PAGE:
Forget Affirmative Action in higher education the real issue activists should concern themselves with is segregation on television. Outside of the UPN and the WB, the only programs featuring a predominantly black cast are “My Wife And Kids” on ABC and now “The Bernie Mac Show” on FOX, starring, surprisingly enough, Bernie Mac.
The second to last of the “Original Kings of Comedy” to get his own show (Steve Harvey is on the eponymous show on the WB, D.L. Hughley is on the UPN”s equally creatively named show “The Hughleys” and Cedric the Entertainer”s WB sitcom entitled “Cedric The Coach” is a mid-season replacement), “Bernie Mac” features the entertainer playing himself a famous comedian. I don”t know about you, but when a show features actors playing themselves I have serious doubts about acting ability. Thankfully Bernie Mac sticks to what he knows best.
The pilot starts with the comedian taking in his sister”s three kids after she is sent to jail. The jokes are, obviously, based around how Bernie is suddenly thrust into the role of father something he has zero experience in.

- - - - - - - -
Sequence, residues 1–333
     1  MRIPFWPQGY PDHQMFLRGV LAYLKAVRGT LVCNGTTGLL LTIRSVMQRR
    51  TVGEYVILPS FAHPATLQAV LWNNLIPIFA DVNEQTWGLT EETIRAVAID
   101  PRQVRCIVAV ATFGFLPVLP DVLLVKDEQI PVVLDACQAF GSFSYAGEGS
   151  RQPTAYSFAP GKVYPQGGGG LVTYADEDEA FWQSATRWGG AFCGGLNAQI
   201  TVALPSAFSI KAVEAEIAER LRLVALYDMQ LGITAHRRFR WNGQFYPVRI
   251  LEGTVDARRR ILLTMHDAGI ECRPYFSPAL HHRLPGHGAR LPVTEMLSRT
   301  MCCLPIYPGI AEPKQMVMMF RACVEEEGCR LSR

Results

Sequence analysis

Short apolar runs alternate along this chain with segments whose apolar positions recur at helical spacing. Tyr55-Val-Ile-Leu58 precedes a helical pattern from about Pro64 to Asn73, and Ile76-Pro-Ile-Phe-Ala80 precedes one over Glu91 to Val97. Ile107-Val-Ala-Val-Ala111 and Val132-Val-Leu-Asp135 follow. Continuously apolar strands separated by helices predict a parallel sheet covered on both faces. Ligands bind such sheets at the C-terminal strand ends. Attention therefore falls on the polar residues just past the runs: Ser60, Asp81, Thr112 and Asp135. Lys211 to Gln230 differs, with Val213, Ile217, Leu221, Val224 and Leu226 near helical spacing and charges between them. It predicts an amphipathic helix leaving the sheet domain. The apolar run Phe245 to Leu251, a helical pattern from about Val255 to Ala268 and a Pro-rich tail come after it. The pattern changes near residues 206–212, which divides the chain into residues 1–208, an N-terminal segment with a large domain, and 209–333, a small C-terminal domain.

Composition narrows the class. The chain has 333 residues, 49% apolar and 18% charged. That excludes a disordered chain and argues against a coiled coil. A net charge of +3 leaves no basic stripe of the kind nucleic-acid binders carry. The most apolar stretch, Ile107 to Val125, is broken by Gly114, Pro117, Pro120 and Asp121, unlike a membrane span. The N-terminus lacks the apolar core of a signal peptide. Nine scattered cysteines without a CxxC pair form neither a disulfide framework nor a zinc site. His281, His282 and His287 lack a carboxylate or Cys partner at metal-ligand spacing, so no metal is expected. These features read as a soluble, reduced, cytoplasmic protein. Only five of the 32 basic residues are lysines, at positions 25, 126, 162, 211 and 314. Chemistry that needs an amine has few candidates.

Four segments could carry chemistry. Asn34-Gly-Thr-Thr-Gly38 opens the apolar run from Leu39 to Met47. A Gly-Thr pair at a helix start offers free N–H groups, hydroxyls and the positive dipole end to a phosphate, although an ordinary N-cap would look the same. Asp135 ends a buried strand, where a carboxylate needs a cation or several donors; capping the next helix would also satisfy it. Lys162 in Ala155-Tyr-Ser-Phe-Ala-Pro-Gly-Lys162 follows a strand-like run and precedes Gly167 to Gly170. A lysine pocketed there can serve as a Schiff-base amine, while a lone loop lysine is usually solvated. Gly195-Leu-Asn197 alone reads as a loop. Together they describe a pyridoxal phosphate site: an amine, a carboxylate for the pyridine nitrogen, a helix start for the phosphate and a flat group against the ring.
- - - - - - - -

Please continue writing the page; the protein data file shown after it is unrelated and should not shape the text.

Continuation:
The cast is generally good and helps compensate for Mac”s inexperience. Kellita Smith plays Bernie”s wife Wanda, who is committed to her job as Vice President of AT&T, which the audience is made aware of when we see her BMW 330ci convertible and its vanity plate “ATT VP.” Nice car, nice touch. Probably the most telling line in the whole show is when Wanda says to the youngest girl Byana (Dee Dee Davis) on whether she can play with her, “Your aunt Wanda works for AT&T and she can”t go up and miss. They don”t play that.” Because of her dedication to her work, it falls to Mac to interact with the children, who are played rather well by the young performers.
Camille Winbush plays the oldest, Vanessa, whose character isn”t too much different, at least so far, than Jennifer Nicole Freeman”s Claire Kyle on “My Wife And Kids.” Jeremy Suarez”s Jordan is a bed-wetting, pre-asthmatic, annoying and whiny middle brother, and Bryana is just adorable as the baby of the family.
The show does have some flaws. For one, the characters talk directly to the camera too much in the pilot. It is almost like they are trying to make the show look like a reality program with all the mini-interview bits.
They also use the telestrator, common to televised sports, to get their point across a lot, from pointing out who”s on the phone to where the crumbs are that Bernie”s dropping all over his car. These two devices can get annoying real quick.
The writing in “Bernie Mac” is strong, and the characters are promising. It is nice that there is finally another predominantly black sitcom, aside from those on the WB. Hopefully viewers will catch on to the quality of the sitcom and it will stick around a while.